A decision is usually based on some kind of information. In the decision- taking phase it is important to know the extent to which the information about the different alternatives that are to be decided on is reliable. This doctoral thesis focuses on data quality assessment in spatial analysis, and especially on evaluating data usability in the decision- taking phase. The first focus concerns the situation when information about the accuracy of source data is missing or insufficient. Questionnaires and interviews are used to obtain such information. In an effort to make the survey- situation user-friendlier and to obtain answers that are as complete as possible, a questionnaire template allowing vague responses and imprecise information is developed. The advantage and perhaps also the disadvantage of that concept are the independence of standardised data quality elements, as well as of available metadata. It is shown that a procedure for quality assessment by using a questionnaire allowing vague responses indeed increases the response rate. However, a recommended improvement is to include methods that assure that reliable answers are obtained. Then the second focus is on the decision-taking phase, where uncertainties in source datasets and their influences on the fitness for use for a specific decision are studied. The goal is to develop a procedure for decision analysis where expected utility measures are used to quantify the effects that uncertainties and errors in source data have on rational decisions. The purpose of this is to endeavour to make the decision-takers more aware of the impact that the uncertainties in the datasets used may have on their decisions. It is shown that standardised data quality elements are extremely useful for evaluating usability, but they have to be transformed into a domain understood by the user. Furthermore, it is shown that the expected utility of each dataset can be a measure of fitness for use in decision analysis. One advantage of such an approach is that it clearly demonstrates the connection between data quality, decisions and environmental and financial costs and benefits. When estimating the probabilities of different events, spatial micro-simulation techniques have proven to be useful. To improve the procedure, however, macro-constraints should also be used for aligning the simulation model. Three different case studies have been performed. As a result of these studies some basic procedures that are needed for data quality evaluation have been identified, viz. “Data quality assessment by using a questionnaire”, “Construction of artificial perfect datasets”, “Micro- simulation”, “Monte Carlo simulation”, “Artificial decision- maker”, “Decision evaluator”, and “Data variability reporter”. The studies also verify that these procedures can connect to each other. The idea is that they can be arranged in different ways, and hence be used in different contexts.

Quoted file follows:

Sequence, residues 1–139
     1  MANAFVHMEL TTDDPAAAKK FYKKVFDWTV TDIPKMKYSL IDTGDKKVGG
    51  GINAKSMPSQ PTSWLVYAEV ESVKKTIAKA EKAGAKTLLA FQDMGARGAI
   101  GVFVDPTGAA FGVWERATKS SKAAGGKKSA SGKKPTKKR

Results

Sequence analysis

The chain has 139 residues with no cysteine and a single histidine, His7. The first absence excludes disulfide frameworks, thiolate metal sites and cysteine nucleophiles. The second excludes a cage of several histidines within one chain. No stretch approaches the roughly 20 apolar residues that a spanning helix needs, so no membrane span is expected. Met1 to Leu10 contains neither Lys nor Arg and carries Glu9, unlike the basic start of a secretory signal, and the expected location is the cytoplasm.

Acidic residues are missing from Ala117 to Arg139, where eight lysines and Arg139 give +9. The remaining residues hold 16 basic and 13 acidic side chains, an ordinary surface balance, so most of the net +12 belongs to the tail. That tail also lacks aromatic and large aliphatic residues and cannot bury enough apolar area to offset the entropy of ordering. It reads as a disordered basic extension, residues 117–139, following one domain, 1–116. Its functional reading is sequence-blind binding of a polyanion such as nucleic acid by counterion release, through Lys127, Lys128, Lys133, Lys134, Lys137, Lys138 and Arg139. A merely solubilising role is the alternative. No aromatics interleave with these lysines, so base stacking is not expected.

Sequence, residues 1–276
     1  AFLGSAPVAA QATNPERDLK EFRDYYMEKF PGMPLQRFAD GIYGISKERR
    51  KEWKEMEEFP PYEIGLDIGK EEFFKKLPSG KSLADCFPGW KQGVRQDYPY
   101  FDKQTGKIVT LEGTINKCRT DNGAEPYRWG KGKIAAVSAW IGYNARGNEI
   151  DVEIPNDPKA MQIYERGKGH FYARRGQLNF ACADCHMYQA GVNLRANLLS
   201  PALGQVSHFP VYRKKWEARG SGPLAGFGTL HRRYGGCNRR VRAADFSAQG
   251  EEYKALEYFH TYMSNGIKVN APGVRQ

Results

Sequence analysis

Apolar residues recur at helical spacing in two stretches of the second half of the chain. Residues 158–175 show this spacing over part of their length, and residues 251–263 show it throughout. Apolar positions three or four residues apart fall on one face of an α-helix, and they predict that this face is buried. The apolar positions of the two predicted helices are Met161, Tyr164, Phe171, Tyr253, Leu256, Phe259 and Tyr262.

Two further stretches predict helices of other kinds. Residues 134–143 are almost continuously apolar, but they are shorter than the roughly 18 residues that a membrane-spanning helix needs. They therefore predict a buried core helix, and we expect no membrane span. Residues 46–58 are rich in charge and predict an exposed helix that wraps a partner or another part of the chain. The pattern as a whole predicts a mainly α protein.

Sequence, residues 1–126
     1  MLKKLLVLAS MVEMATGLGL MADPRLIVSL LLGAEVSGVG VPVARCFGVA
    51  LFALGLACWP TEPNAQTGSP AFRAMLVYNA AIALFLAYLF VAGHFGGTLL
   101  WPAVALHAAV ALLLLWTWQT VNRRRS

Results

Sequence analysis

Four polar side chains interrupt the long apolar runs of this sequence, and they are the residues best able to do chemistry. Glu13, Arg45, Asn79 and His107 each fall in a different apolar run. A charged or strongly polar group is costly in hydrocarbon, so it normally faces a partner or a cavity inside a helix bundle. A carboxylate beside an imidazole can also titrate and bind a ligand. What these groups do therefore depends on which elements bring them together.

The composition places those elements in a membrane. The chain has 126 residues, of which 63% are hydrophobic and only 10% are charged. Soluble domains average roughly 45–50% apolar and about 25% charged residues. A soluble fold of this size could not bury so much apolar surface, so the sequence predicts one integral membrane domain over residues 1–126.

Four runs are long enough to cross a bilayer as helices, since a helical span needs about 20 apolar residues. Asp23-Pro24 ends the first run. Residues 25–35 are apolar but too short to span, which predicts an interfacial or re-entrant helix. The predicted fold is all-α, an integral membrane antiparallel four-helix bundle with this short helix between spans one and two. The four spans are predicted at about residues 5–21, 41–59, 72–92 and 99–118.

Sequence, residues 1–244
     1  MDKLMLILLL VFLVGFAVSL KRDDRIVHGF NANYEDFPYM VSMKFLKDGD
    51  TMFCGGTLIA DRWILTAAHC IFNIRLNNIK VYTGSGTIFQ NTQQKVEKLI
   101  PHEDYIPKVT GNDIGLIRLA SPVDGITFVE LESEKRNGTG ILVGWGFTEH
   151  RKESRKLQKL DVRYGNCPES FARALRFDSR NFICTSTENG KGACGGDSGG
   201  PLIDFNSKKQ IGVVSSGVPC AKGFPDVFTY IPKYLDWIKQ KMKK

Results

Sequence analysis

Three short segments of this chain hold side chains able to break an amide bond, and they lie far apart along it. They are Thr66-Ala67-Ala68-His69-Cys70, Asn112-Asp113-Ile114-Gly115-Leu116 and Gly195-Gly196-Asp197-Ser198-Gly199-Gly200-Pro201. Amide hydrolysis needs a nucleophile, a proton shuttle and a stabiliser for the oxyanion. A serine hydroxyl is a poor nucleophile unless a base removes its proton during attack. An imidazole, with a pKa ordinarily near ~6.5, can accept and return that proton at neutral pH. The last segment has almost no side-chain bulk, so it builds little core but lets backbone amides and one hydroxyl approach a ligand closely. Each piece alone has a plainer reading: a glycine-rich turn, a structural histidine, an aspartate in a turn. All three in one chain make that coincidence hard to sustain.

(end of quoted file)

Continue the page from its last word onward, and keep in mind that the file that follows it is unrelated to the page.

Luleå: Luleå tekniska universitet, 2004. , 65 p.